This is simple and applies to everyone, not just pregnant women. But pregnant women should pay special attention because it can have an even more serious effect on them. When it’s hot, we sweat more and lose both water and electrolytes from our body. It is of paramount importance to drink plenty of water with the recommended amount being 2.3-2.5 liters a day. Do not wait until you feel thirsty as dehydration can increase your risk of preterm labor.
In early pregnancy, an abnormally high body temperature, or hyperthermia, can increase the risk of birth defects. Women can develop hyperthermia from a fever, sitting in a hot tub, or excessively hot temperatures outside so therefore when possible, you should avoid these risks. If the heat index gets into the 90s, stay inside in air-conditioned spaces as much as possible, particularly during the peak hours of the day.
- Heat Intolerance
The body temperature of a pregnant woman is already a bit higher than normal, so higher outside temperatures will make you feel even more uncomfortable. All pregnant women have a bit of heat intolerance and should pay extra attention to forecasts and heat advisories.
Swelling, or edema, can be a problem in pregnancy no matter the time of year. However, the American Pregnancy Association lists summertime heat as one of the leading factors that can affect swelling. To avoid further swelling you can also avoid caffeine, make sure you get enough water and potassium, avoid standing for long periods of time, and decrease sodium intake. Here is some additional information from the APA on how to manage swelling.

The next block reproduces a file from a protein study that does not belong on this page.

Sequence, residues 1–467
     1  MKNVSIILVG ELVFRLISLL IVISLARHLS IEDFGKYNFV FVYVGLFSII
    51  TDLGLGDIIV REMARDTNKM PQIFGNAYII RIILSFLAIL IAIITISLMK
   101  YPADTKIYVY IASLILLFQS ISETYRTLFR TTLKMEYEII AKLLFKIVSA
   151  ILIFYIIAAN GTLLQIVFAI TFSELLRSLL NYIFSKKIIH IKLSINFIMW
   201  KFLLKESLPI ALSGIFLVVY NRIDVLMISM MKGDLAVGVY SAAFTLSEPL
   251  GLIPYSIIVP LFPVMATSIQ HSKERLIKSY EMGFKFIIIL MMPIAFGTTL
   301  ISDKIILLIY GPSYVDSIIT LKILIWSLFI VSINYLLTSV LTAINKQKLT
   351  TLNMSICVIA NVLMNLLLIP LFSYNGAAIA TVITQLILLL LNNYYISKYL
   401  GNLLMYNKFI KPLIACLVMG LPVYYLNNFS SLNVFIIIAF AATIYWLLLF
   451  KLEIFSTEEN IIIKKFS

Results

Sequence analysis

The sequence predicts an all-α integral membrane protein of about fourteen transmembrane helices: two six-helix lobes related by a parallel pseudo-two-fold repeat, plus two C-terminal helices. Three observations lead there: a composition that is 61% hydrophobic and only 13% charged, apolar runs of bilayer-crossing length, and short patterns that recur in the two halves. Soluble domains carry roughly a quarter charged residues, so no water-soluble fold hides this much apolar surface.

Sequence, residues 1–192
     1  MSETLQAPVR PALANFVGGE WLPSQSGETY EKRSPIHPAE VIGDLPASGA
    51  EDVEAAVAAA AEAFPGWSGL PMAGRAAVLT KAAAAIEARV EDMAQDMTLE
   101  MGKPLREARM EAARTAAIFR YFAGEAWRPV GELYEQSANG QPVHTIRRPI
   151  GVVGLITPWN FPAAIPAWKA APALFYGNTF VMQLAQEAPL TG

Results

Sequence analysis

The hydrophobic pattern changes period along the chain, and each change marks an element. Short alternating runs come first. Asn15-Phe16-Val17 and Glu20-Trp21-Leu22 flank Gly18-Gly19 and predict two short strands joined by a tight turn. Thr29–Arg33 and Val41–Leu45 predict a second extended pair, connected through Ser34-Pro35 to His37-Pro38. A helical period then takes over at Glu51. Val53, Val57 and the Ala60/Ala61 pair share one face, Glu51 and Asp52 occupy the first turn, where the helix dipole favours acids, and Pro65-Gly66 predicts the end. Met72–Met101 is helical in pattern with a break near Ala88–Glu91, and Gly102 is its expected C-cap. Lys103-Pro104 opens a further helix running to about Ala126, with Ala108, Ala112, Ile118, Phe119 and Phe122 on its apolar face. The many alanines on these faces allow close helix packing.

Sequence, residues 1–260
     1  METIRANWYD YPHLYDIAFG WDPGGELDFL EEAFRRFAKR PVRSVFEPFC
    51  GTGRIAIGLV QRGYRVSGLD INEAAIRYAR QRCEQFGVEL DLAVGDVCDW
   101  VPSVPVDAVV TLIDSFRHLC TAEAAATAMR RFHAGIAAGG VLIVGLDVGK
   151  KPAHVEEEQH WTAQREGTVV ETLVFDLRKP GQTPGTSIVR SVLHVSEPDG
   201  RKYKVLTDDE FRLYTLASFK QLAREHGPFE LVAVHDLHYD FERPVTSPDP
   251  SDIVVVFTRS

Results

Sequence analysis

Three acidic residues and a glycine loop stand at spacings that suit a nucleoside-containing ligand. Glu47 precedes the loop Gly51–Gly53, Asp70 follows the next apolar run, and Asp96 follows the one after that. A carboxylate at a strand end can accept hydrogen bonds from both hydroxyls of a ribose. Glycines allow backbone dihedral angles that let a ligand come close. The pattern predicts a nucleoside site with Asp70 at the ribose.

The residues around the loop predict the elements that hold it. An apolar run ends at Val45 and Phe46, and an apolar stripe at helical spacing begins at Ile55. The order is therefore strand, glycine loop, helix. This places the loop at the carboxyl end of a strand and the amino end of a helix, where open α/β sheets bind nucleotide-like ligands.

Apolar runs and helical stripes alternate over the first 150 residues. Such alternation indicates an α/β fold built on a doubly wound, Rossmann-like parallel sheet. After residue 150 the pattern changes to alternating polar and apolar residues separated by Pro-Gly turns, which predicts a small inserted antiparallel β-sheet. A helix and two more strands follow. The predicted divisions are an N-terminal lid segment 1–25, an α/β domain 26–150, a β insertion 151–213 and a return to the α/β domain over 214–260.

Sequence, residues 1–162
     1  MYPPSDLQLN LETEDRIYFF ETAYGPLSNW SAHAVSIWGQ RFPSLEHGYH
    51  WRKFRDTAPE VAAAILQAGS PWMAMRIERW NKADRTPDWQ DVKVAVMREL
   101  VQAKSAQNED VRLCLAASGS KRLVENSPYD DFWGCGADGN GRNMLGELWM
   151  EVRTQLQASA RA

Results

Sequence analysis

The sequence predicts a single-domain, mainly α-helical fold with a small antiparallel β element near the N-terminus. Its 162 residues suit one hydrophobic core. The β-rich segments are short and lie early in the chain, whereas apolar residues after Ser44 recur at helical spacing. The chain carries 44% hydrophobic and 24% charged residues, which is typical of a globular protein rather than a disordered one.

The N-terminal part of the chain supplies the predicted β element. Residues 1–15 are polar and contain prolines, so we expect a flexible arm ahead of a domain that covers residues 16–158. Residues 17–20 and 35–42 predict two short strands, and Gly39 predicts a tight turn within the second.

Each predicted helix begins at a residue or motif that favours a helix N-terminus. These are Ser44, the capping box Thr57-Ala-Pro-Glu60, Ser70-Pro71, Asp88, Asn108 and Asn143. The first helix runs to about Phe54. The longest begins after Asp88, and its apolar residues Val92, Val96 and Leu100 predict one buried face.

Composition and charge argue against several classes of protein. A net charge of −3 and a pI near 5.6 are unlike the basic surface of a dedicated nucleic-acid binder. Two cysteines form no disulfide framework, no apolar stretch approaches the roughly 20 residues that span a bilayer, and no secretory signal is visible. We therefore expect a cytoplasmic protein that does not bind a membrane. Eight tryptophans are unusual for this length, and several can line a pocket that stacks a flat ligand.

Tips to Help You Stay Healthy This Summer
There are steps you can take to minimize the unpleasant effects of summer and mitigate the risks. You can try the following:
- Hydrate well. Higher temps mean you need to take in more fluids. Water is great, but other drinks are good too. As long as you aren’t on a restrictive diet (for example, due to gestational diabetes), orange juice, milk, and sports drinks specifically for rehydration can be helpful to replace the electrolytes you sweat out. Coconut water is another popular way to rehydrate.
- Hydration is so important, but you can overhydrate. Too much water can lead to what’s called “water intoxication” and will dilute your electrolytes and cause cramps and fatigued muscles. To avoid this, rather than drink a lot at once, drink throughout the day, even before you think you need to. Because if you’re thirsty, you’re already at least a little dehydrated.
- It is recommended that you drink 2.3-2.5 liters of water per day.
- Wear breathable fabrics to minimize sweating and prevent heat rash. Heat rash typically develops under the breasts and abdomens of pregnant women.
- Carry a spray bottle filled with water to mist yourself.
- If you exercise outside, do it at the coolest times of the day and listen to your body. Never exercise to the point of overheating.
If you have questions or concerns about navigating your summer pregnancy, or pregnancy in any season, the physicians and staff at Triangle Physicians for Women are here to help you. Call us at (919) 678-6900 to schedule an appointment at one of our two locations in Cary and Holly Springs, North Carolina.